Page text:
174. (b) 175. (a)
               PRE-MAURYA PERIOD
Between the 7th and the 5th centuries BC the intellectual life of India was in a
state of ferment. This period was a turning point in the intellectual and
spiritual development of the whole world, for it witnessed the emergence of
the early philosophers of Greece, the great Hebrew prophets, Confucius in
China, and Zoroaster in Persia. In India this crucial period in history was
marked on the one hand by the teaching of the Upanishadic sages, who
admitted the inspiration of the Vedas, and on the other hand by the
appearance of teachers who were less orthodox and rejected the Vedas
entirely. It was at this time that Jainism and Buddhism arose, the most
successful of a large number of heterodox systems, each based on a
distinctive set of doctrines and each laying down distinctive rules of conduct
for attaining salvation.
    The social background of this great development of heterodoxy cannot be
traced clearly from the traditions of Jainism and Buddhism, which have
partly been worked over by thinkers of later centuries. But it would appear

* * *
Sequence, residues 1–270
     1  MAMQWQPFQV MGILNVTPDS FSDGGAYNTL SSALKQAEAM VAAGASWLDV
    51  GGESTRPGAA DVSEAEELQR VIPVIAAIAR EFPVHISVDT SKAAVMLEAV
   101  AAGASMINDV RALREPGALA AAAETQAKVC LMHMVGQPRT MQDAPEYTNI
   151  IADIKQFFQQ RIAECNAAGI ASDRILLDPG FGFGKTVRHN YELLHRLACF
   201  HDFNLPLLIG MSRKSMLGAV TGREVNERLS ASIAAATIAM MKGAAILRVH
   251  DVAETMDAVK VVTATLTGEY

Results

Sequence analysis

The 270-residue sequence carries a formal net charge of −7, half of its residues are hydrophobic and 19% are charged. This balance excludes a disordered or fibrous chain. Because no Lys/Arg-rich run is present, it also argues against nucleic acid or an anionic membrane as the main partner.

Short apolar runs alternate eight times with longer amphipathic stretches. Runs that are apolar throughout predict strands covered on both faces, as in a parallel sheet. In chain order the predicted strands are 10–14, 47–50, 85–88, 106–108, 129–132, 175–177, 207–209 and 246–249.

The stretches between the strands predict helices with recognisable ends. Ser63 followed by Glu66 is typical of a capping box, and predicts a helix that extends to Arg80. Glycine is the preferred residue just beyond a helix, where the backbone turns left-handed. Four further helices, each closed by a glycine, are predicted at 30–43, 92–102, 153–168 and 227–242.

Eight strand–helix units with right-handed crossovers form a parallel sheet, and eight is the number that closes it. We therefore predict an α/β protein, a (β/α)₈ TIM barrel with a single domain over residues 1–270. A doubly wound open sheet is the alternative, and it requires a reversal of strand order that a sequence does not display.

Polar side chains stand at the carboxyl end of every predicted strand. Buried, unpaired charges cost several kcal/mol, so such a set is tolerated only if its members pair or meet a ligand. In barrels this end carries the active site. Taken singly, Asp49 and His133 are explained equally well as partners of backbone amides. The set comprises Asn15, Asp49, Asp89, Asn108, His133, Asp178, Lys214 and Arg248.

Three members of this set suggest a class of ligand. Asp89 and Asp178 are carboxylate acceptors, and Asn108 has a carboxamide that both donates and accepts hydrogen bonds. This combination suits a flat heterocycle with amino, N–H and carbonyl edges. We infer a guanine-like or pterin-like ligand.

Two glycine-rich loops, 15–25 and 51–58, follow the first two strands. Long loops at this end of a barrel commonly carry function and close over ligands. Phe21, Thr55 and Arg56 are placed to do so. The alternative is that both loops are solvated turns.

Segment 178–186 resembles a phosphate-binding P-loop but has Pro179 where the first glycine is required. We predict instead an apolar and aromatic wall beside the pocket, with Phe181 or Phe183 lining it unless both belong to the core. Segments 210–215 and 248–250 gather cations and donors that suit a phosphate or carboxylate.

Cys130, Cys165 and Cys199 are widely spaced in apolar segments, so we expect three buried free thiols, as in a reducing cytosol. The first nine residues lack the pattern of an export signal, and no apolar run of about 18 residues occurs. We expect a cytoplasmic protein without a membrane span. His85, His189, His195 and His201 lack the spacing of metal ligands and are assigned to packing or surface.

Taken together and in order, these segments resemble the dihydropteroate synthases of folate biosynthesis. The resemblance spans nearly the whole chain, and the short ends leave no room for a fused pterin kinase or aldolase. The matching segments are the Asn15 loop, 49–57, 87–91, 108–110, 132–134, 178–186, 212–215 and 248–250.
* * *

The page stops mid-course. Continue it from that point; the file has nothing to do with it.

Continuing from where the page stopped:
that heterodoxy flourished most strongly in Bihar and eastern Uttar Pradesh.
Here the arrival of Aryan civilisation and Brahmanical religion seems to have
been comparatively recent at the time. The people were probably little
affected by the Aryan class system, and the influence of the Brahmin was by
no means complete. Quite as much attention was devoted to local gods such
as yaksas and nagas, worshipped at sacred mounds (chaityas) and groves, as
to the deities of the Aryan pantheon. Cities had arisen, where a class of well-
to-do merchants lived in comparative opulence, while the peasants enjoyed a
reasonable standard of living.
    The old tribal structure was disintegrating, and a number of monarchical
kingdoms had appeared, together with ganarajyas (republics), which
preserved more of the tribal structure.    Most of these republics were of little